The Halloween Witch's Green Face and the Myth of the Broomstick
Origins of the Green Flying Witch
The traditions of green witches' faces and flying brooms during Halloween originate in the physical punishment and and drug effects suffered by the women of Salem in the 1600s.
Most of these women and teenage girls who were accused of witchcraft had only discovered the medicinal properties of native plants and kitchen herbs. A few likely suffered mental conditions like postpartum depression and a psychosis associated with it, along with symptoms of using hallucinogenic plant extracts.
The emerald face popularized by Margaret Hamilton in "The Wizard of Oz" (1939) allowed film producers to showcase Technicolor. However, this wizardry also sanitized the results of physical torture suffered by the Salem women accused of witchcraft in the 1600s.
The Green Face of Torture
Physical damage of various sorts can cause greenish skin. These causes include infections, fungal attack, chemical damage, bruising, and gangrene, among others.
The Hallucinogenic Broomstick
The flying broom is a sanitized version of of hallucinogenic substance use. Certain New England garden and forest herbs have mind-altering properties, as the Salem women learned.
As found recorded circa 1450, a length of wood about the diameter of a broomstick was dipped or soaked in an herb extract or an herb-based ointment.
The hallucinogenic substance was absorbed as the wood was rubbed against a lower body orifice, offering a quick "high" or what some call "flying." This is the rationale for illustrations of witches sitting or flying on a broom handle.
In the 1500s, a Spanish doctor, Andrés de Laguna, stated that he took "a pot full of a certain green ointment . . . composed of herbs such as hemlock, nightshade (belladonna or devil's cherries), henbane, and mandrake" from the house of two witches. Ironically, even the ointment was green.
American Halloween Masks
After WWII, department stores began carrying a larger number of Halloween costumes. One of the most common features we saw was the heavy, smelly rubber mask, especially the green one for witch costumes based on the Margaret Hamilton character.
The masks smelled so bad we thought they must be toxic. Plastic masks began appearing in the mid-1950s, but some of the witch masks were still green. The mask was usually green or yellowish-green, with warts, a huge hooked nose, wrinkles, and the odd bristly hair. Some even included a cobweb on one cheek.
During the 1970s, Halloween makeup became more popular and children and adults painted their faces green. People were unaware of the connection of gangrene to a green face.
Gangrene and Green Skin
Comic and graphic novels use a green face to indicate nausea and expected vomiting, or deadly radiation exposure. A green witch face is doubly ugly, because of the warts, a hook nose, chin hair, and bad teeth; but, it is based on stories of torture.
Historians trace the green to the Spanish Inquisition (1478–1834) and the harsh punishment of alleged witches. Green hallucinogenic ointments were also present during Inquisition years, as mentioned above.
American researchers trace the green face to the Salem Witch Trial punishments that caused gangrenous skin, infections, burning deaths, and other damaging actions. Many faces did turn green with infection and bruising.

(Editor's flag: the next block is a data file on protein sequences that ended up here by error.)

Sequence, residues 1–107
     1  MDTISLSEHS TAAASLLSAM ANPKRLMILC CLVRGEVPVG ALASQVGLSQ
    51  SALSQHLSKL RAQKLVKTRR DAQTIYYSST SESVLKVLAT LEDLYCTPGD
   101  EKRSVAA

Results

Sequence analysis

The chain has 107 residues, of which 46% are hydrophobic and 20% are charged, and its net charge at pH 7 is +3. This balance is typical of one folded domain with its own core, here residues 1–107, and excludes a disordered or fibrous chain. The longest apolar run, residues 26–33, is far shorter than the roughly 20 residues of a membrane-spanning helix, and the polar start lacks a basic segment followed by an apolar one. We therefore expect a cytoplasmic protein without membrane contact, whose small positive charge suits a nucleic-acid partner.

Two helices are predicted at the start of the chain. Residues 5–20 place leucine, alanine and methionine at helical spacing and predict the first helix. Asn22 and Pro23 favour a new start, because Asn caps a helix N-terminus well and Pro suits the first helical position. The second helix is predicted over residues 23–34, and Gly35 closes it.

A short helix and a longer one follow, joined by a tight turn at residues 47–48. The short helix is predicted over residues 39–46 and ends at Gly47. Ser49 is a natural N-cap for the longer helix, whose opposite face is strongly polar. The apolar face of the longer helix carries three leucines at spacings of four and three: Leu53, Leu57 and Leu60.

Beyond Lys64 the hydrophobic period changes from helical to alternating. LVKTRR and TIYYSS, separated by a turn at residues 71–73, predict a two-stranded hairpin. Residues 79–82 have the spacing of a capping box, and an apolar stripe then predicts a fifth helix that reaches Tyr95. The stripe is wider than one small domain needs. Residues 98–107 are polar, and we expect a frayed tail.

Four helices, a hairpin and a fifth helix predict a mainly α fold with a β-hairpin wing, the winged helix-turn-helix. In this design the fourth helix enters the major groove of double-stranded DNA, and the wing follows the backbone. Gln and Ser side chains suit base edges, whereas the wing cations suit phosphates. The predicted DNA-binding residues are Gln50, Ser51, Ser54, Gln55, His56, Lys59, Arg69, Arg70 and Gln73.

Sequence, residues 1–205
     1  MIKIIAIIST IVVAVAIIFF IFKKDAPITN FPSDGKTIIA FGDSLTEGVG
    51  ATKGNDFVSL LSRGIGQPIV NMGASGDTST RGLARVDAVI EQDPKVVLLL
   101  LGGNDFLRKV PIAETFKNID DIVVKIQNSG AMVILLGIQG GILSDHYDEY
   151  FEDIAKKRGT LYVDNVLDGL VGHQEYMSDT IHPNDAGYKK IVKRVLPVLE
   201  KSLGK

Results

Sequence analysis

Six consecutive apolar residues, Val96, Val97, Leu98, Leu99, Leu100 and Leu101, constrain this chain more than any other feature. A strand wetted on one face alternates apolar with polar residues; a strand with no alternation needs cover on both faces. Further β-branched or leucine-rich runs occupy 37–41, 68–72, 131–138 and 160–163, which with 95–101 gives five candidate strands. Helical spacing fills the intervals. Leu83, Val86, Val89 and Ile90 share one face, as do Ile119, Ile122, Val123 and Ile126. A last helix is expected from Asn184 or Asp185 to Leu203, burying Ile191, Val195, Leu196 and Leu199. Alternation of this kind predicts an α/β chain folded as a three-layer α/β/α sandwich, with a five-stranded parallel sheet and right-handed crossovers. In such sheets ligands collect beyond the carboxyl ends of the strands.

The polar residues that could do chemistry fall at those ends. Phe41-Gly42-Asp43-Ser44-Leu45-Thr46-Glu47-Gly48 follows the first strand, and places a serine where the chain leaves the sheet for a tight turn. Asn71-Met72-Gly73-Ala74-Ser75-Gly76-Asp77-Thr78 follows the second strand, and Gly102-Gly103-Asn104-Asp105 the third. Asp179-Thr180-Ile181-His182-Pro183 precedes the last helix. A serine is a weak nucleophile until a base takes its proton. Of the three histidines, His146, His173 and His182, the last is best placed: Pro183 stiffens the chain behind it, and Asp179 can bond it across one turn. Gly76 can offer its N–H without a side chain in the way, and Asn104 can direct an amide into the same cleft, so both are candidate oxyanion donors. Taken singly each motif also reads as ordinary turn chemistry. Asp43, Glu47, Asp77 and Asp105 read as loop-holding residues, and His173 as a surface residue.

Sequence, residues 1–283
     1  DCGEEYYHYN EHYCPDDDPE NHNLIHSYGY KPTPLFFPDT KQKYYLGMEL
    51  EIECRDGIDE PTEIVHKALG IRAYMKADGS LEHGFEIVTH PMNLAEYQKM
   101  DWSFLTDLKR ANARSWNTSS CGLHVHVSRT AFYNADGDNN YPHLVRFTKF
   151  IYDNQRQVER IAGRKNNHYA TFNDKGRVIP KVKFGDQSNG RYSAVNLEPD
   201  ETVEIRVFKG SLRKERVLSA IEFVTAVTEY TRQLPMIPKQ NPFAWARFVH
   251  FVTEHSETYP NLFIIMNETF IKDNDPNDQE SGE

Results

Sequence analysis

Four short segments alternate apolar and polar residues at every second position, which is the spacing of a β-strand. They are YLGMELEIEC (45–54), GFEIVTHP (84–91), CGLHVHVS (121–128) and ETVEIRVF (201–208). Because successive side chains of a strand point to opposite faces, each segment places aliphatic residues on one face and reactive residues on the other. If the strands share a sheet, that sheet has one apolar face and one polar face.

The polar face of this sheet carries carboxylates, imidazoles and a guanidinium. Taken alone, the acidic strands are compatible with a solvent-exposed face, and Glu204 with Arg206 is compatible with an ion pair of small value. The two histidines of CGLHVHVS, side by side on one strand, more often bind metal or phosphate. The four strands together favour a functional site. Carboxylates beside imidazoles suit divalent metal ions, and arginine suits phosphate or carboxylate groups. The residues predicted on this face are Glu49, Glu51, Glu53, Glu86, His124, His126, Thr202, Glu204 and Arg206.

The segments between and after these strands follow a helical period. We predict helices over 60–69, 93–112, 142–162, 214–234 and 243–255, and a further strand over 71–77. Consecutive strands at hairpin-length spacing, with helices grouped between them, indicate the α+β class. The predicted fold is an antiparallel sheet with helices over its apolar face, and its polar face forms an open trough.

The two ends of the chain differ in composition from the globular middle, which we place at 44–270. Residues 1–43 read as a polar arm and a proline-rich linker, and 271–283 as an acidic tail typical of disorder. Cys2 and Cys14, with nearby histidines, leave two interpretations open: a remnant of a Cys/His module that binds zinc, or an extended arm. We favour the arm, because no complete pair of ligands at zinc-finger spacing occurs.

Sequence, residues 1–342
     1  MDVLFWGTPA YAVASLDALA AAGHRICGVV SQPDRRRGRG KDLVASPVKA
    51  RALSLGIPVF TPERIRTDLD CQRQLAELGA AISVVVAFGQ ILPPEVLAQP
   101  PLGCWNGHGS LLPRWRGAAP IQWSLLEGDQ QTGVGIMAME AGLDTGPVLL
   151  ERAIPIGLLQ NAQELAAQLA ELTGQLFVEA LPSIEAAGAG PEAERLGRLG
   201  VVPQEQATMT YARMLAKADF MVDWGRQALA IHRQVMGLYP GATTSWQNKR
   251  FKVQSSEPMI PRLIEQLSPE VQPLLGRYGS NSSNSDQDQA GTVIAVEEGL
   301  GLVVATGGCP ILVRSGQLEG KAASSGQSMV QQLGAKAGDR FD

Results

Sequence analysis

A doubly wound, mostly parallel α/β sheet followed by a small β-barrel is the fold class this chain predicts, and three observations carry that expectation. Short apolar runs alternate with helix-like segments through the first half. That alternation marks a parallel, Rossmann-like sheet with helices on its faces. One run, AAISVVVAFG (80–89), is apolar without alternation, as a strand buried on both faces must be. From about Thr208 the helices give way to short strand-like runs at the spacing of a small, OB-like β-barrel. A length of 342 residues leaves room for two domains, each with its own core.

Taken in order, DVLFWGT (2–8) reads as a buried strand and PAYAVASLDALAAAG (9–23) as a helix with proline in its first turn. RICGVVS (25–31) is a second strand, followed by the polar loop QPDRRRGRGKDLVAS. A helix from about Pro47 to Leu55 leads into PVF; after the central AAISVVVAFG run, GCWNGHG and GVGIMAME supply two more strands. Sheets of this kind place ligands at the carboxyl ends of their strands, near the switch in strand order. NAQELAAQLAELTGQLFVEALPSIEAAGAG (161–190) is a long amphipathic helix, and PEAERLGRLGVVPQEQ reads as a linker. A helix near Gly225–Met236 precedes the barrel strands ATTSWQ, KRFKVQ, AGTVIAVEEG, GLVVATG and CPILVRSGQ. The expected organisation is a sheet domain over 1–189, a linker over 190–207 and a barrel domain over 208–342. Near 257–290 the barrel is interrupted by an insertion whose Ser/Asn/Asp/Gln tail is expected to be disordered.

Forensic Reconstruction of Gangrene
Some of the women physically tortured as a test for witchcraft during the Spanish Inquisition and during the Salem Witch Trials in the late 1690s were tortured long-term.
Many of the accused were pilloried and tied standing into stocks with their necks and wrists restrained in a yoke. They were not fed, but they were beaten regularly, bruised, and punished with broken noses, cheekbones, and teeth.
Bruises on the faces, necks, arms, and hands began to change color from black and blue to green and brown after a few days. Some of the skin discolorations were covered by fresh bruises and new bleeding as tissues underneath began to die.
Under the layers of bruises, gangrene began as the blood supply failed to reach the hands and face because of being tied tightly at the stocks and suffering damaged blood vessels. Tissues began to turn whitish-pale to blue and greenish, purple, black, bronze, and red, depending on the type of gangrene working on the tissues.
A Horror Parade
Gangrene also includes confusion and foul-smelling discharges that are a bit like the smelly rubber masks mentioned above. In Salem, this odor added to the "proof" of witchcraft. Odorous women with discolored faces were paraded through town, spat upon, stoned, and then killed. Some died during the parade.
The idea of a Halloween parade of elementary school children today in green witch faces is unpalatable.
The Green Icon
The green witch has become iconic. She is famous on Broadway in Wicked, in Walt Disney films, and in TV's Once Upon a Time. Today, the green witch is seen as attractive and desirable, but her green face originates in a history of torture in Spain and America. Her flying broomstick links to hallucinogen usage and is not appropriate for children's costumes.
- Garber, Megan. Why Do Witches Ride Brooms? The Atlantic. October 31, 2013.
- Pollan, Michael. The Botany of Desire. Random House. 2001.
- Cavendish, Richard; Ed. Man, Myth and Magic: An Illustrated Encyclopedia of the Supernatural. 1970.
© 2011 Patty Inglish MS